How much the storm system changed planting plans for corn won’t be known until long after the crop is planted. In some areas along the storm’s path timely planting wasn’t an option.

Late planting was an option and from agronomic standpoint that won’t likely be a big issue.

Veteran North Carolina State University Corn Specialist Ron Heiniger says the storm created a real mess in the heart of the state’s corn belt. However, he says the delayed planting date prior to the storm may have been a blessing.

In the southern end of the state, some corn had been planted, but surprisingly not a lot, Heiniger says. “Some of it was planted, but hadn’t emerged and other fields were about to the G3 stage — the largest corn I had seen prior to the storm. Damage to corn at this stage of growth usually reduces yield by about 10 percent,” he adds.

The huge amounts of debris in fields no doubt slowed down corn planting, but dryer, more seasonal weather following the storm has helped fields dry out and has improved planting conditions. As long as growers got corn planted by May 15, they should be okay from a yield standpoint, Heiniger says.

“Though growers could replant without too much penalty, right now I’m not recommending that,” Heiniger says. “When you plan for a replant, you have to worry about burning it down and re-disking, all of which takes time and money,” he adds.

“There was a good window of opportunity to planting from the end of April through mid-May. Our data indicates you don’t lose much if you get corn in by May 15.”

Heiniger urged growers to not panic, get things cleaned up, debris removed and there is still time to get corn planted. How many growers took his advice remains to be seen.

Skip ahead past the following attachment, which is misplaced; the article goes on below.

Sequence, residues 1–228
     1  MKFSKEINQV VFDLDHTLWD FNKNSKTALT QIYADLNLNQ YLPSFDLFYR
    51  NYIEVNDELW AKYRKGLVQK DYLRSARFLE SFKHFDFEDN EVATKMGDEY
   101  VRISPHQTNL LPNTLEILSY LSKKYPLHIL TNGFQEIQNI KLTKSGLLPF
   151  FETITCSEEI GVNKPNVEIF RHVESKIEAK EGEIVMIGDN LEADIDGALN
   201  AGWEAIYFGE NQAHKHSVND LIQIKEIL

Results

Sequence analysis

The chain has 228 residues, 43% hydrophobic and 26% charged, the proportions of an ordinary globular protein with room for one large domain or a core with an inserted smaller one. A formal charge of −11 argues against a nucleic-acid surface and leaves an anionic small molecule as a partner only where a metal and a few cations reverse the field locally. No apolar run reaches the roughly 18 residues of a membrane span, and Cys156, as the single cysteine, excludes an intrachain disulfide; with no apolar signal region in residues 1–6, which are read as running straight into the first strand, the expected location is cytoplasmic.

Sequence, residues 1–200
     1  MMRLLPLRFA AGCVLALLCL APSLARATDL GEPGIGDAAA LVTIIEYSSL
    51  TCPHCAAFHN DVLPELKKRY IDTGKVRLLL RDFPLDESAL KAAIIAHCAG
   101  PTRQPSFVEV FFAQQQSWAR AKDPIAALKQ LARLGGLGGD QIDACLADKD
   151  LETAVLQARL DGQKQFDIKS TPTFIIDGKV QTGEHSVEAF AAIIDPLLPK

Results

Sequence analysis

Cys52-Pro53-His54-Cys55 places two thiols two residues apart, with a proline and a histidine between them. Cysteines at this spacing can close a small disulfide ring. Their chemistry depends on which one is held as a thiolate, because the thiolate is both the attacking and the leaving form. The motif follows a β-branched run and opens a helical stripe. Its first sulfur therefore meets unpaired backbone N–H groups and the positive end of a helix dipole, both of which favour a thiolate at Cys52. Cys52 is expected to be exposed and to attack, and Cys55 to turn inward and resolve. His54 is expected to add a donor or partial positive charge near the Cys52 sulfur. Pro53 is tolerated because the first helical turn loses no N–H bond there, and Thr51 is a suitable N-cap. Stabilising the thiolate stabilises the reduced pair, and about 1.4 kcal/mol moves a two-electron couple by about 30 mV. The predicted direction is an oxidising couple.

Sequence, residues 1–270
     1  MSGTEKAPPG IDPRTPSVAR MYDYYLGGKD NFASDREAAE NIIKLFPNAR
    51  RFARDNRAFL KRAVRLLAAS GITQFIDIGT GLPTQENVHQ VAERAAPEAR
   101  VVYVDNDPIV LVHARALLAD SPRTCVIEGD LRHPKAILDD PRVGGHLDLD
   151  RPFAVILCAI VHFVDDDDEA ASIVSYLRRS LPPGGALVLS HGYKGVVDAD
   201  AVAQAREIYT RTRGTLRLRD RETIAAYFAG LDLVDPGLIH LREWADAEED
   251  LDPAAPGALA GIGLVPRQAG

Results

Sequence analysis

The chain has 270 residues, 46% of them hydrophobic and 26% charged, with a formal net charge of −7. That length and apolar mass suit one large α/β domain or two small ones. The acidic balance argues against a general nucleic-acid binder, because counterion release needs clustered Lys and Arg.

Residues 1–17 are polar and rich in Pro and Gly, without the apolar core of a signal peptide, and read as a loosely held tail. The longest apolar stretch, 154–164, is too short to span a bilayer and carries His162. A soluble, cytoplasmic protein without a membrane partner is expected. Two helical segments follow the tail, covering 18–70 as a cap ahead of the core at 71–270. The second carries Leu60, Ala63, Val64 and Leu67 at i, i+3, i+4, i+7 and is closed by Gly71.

Pushing corn planting back to early May likely won’t have a big effect on the corn crop, but it puts a serious crimp in putting in other crops, primarily cotton.

“From past experience with tornado damage there will be some strange things found in fields — you just hope you find some of these things before you run over them with a wheat combine or a planter,” says long-time North Carolina Crop Consultant Bill Peele.

“Some of the areas hit by the storms in April will be obliterated with litter from the tornadoes, and the farmer knows he has to get in there and get all that stuff out before he can harvest or plant a crop. 

In other areas, sometimes a long distance from where a tornado came through you will be walking in a field and pick up a 2-3 foot long piece of a 2X4. So, growers are going to have to take a lot of extra time looking at fields to be sure it’s safe to plant and that’s going to take some extra time,” Peele adds.

“Pushing cotton planting dates back a few weeks, up until May 15, won’t make a significant impact on yields, if other stress factors don’t occur,” Peele says.

“We’ve planted cotton in June, behind wheat, and it did okay. Real late planted cotton typically has plenty of bolls on the plant and many won’t open. So, planting much past the first week of June is going to be a real problem,” he adds.